Study finds brain, muscle cells in kidney organoids

Source: Xinhua| 2018-11-16 04:05:37|Editor: Mu Xuequan
Video PlayerClose

CHICAGO, Nov. 15 (Xinhua) -- Researchers from Washington University School of Medicine in St. Louis have identified rogue cells, namely brain and muscle cells, lurking within kidney organoids.

Such cells make up only 10 to 20 percent of an organoid's cells, but their presence indicates that the "recipes" used to coax stem cells into becoming kidney cells inadvertently are churning out other cell types.

For the study, published Thursday in Cell Stem Cell, the researchers looked at two recipes used by scientists worldwide to grow kidney organoids.

One starts with embryonic stem cells approved for research by the National Institutes of Health (NIH), and the other begins with induced pluripotent stem cells, which are reprogrammed from adult cells and have the ability to develop into any type of human cell.

A cocktail of drugs and growth factors are added to the stem cells, channeling their development into kidney cells.

After growing the organoids in the lab for four weeks, using single cell RNA sequencing, the researchers analyzed the activity of many thousands of genes in 83,130 cells from 65 kidney organoids.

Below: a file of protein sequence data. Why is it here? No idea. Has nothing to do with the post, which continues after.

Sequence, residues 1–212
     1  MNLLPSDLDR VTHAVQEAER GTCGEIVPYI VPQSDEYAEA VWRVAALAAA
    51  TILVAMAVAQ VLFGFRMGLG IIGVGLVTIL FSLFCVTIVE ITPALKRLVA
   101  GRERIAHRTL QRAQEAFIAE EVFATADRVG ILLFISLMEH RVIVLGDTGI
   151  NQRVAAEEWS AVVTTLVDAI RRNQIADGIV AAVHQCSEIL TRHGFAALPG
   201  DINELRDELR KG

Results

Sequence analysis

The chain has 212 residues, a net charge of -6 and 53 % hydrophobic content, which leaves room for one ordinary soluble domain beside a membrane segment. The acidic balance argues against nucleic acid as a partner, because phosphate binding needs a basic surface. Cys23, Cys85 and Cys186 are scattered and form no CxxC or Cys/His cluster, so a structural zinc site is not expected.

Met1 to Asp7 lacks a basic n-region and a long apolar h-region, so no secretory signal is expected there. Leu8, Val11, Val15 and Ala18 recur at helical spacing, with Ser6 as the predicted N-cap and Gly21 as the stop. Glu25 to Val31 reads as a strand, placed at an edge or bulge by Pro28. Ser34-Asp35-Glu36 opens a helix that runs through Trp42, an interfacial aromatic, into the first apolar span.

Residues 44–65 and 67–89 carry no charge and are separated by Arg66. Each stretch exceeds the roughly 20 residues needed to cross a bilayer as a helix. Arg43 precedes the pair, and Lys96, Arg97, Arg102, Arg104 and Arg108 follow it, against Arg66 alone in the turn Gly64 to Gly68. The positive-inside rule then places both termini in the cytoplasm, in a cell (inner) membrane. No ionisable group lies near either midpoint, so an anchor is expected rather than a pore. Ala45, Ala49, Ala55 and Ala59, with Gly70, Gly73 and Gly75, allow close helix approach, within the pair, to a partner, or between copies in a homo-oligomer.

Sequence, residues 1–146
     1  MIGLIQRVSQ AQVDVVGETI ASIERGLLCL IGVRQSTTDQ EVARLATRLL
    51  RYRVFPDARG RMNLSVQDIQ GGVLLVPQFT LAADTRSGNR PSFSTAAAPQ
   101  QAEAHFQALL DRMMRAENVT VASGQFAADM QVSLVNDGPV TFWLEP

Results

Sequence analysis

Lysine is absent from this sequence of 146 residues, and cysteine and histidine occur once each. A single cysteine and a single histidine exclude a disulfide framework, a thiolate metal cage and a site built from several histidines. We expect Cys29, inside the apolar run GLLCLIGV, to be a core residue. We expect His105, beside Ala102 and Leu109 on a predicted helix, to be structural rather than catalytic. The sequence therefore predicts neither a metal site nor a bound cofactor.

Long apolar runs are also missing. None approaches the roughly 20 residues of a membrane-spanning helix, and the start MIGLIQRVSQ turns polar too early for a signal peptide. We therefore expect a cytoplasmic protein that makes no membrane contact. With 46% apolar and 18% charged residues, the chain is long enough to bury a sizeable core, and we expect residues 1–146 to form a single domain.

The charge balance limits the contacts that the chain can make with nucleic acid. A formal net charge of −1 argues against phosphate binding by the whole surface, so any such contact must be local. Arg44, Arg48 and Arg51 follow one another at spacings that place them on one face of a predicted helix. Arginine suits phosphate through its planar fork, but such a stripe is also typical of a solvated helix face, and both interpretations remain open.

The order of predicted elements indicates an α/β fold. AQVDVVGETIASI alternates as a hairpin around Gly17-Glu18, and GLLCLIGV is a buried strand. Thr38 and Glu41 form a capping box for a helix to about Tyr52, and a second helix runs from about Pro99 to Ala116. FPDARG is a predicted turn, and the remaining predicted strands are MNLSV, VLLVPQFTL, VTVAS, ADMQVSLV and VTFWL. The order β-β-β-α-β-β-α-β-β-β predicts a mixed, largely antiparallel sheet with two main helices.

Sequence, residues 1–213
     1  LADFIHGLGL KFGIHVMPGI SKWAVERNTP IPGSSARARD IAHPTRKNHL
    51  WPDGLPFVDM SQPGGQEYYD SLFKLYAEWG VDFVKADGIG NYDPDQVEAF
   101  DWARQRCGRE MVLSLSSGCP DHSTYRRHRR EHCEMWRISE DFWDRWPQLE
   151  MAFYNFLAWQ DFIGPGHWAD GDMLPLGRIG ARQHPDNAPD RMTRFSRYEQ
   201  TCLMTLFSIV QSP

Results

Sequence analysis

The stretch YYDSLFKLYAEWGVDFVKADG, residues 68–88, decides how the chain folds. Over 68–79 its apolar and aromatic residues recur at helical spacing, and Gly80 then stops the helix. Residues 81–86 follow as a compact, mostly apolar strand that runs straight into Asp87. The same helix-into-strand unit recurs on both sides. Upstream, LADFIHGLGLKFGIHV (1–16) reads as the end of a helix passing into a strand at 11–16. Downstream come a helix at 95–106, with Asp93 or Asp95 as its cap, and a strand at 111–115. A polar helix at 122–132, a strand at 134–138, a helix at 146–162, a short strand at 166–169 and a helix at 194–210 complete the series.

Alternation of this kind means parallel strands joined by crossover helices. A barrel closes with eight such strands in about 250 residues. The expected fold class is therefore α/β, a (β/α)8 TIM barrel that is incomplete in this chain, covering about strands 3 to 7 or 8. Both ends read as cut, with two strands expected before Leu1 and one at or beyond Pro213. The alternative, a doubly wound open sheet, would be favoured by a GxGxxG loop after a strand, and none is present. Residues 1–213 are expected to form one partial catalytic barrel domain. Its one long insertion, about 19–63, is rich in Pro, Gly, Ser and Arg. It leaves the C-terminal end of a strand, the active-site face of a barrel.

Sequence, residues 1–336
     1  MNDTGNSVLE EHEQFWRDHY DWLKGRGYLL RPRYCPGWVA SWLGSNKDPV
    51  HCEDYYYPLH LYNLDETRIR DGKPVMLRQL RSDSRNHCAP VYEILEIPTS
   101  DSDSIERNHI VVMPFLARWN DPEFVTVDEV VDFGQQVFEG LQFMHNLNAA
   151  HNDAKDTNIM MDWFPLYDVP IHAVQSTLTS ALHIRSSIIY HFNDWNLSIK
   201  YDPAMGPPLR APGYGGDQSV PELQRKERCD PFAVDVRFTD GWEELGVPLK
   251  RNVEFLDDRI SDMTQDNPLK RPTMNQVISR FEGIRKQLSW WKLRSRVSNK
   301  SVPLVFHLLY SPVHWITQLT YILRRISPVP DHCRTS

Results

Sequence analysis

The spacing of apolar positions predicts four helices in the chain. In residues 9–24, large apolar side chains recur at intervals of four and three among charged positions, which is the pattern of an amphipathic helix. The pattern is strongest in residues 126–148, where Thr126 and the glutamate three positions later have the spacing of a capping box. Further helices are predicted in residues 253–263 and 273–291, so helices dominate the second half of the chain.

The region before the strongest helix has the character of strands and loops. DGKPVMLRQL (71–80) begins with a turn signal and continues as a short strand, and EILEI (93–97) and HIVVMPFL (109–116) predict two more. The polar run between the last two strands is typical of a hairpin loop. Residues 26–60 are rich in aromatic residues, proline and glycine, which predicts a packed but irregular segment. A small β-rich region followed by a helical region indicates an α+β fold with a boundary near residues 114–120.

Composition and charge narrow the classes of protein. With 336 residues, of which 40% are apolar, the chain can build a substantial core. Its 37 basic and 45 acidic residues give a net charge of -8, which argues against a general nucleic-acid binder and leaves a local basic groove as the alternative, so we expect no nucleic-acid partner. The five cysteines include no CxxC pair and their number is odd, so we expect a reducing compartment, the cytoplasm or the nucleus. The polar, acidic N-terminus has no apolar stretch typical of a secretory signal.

Regardless of the recipe, the researchers found that 10 to 20 percent of the cells in the organoids missed the cue to develop into kidney cells and instead became brain and muscle cells.

However, by reconstructing the step-by-step process by which stem cells developed into brain cells, they were able to see precisely where things went off the rails and block the formation of off-target cells.

This reduced the number of brain cells by 90 percent, and the approach provides a road map to help other scientists eliminate rogue cells in other types of organoids.

"Progress to develop better treatments for kidney disease is slow because we lack good models," said senior author Benjamin D. Humphreys, director of the Division of Nephrology.

"We rely on mice and rats, and they are not little humans. There are many examples of drugs that have done magically well at slowing or curing kidney disease in rodents but failed in clinical trials. So, the notion of channeling human stem cells to organize into a kidney-like structure is tremendously exciting because many of us feel that this potentially eliminates that 'lost in translation' aspect of going from a mouse to a human."

In the United States, nearly 500,000 people receive dialysis for end-stage kidney disease.